Chocolates for Valentine's Day?

The always useful and informative UC Berkeley Wellness Letter offers some good news to lovers who want to celebrate Valentine's Day with a little chocolate and bubbly.

The key on both counts, however, is "a little."

In its February issue, the Wellness Letter notes that "broccoli or a whole grain loaf might be the healthy choice, but we vote for chocolates."

It also notes that other kinds of wines and alcohol in addition to red wine may provide equal health benefits. Again, the key is moderation, say the experts.

The editorial board of the highly respected Wellness Letter is comprised of Berkeley professors and chaired by Sheldon Margen, professor emeritus of Public Health.

An article on Valentine's Day is titled, "Chocolate: just say yes." But it also notes that a single ounce of chocolate has between 140 and 150 calories, and that fat makes up 55 to 65 percent of those calories.

It notes that if the chocolates come with nuts, there's even more fat and calories. But if the candy is mostly mint or cherry, the article says, there may be only 120 calories an ounce and 2 to 3 grams of fat.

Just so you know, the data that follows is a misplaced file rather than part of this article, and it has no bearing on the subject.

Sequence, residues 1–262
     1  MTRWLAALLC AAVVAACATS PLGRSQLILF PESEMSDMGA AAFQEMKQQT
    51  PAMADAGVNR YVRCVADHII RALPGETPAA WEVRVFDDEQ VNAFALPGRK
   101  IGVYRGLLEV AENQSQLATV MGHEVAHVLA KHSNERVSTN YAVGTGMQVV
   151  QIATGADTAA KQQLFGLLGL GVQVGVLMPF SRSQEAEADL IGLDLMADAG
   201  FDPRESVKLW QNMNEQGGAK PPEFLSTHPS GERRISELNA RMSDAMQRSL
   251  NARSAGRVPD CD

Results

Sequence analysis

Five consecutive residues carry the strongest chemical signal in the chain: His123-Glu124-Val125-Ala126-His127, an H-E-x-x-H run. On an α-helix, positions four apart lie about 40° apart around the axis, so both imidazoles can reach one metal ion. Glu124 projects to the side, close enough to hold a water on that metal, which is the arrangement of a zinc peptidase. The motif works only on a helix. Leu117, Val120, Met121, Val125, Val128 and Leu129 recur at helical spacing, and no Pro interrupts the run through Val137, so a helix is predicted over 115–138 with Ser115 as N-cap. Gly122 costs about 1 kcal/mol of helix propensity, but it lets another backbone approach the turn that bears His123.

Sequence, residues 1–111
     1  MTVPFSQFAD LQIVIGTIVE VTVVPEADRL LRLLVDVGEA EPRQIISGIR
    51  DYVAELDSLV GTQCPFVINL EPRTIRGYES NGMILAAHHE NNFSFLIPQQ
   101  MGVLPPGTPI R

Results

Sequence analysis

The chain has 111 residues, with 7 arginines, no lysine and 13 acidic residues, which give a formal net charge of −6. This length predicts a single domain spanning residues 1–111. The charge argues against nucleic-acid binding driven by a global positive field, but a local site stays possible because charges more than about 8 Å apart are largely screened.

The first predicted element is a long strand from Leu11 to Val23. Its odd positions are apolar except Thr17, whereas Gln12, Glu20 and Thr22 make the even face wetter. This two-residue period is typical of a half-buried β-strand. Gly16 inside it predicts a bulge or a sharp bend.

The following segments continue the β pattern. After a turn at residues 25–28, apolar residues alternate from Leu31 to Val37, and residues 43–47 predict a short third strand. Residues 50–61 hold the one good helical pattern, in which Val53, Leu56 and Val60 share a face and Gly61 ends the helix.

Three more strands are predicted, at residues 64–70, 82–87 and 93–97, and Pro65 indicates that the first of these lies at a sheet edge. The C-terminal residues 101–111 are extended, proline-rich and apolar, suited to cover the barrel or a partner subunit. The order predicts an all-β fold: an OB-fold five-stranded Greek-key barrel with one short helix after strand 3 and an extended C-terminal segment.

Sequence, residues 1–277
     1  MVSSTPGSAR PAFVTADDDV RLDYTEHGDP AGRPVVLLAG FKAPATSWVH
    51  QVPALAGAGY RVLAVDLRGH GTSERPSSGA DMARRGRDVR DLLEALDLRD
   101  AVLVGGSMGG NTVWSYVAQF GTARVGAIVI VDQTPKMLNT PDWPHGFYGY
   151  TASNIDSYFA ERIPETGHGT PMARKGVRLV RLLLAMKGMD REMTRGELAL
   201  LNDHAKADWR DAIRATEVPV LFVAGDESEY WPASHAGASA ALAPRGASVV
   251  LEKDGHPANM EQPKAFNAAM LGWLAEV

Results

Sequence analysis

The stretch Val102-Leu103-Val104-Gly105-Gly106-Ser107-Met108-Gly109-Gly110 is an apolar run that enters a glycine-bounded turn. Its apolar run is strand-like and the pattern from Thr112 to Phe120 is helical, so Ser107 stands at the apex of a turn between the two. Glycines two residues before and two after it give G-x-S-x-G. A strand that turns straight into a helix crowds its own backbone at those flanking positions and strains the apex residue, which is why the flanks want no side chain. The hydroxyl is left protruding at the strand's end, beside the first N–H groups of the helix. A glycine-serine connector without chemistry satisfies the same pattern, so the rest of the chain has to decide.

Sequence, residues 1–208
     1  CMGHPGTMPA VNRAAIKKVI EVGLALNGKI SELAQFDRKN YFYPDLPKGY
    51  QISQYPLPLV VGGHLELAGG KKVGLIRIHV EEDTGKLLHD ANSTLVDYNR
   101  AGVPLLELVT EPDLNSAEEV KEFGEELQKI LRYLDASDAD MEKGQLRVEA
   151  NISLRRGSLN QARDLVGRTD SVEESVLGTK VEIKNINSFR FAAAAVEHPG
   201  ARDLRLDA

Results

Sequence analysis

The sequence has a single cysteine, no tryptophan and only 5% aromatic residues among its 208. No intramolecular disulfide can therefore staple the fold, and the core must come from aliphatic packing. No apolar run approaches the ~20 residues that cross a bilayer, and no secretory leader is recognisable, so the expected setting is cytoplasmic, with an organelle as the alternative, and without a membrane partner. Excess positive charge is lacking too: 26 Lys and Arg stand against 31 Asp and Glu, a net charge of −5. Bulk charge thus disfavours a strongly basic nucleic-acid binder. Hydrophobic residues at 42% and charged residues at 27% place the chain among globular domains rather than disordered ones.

Four chocolate facts for thought from the Wellness Letter: Chocolate does not cause acne, it doesn't appear to boost blood cholesterol the way other fatty acids do, it is not physically addictive and it is not as bad for the teeth as sticky candy.

On the other hand, chocolates do contain phenylethylamine that can trigger headaches, they can cause heartburn and they have some caffeine, but only a tiny amount. In an accompanying article, the publication also looks into whether alcohol other than red wine -- say champagne -- carries possible benefits for healthy hearts.

Evidence, it says, has continued to accumulate about the potential benefits of moderate alcohol intake. The bottom line, says the article, "Drink what you like but only in moderation and never if you're pregnant, never if you're on certain medication and never before driving."


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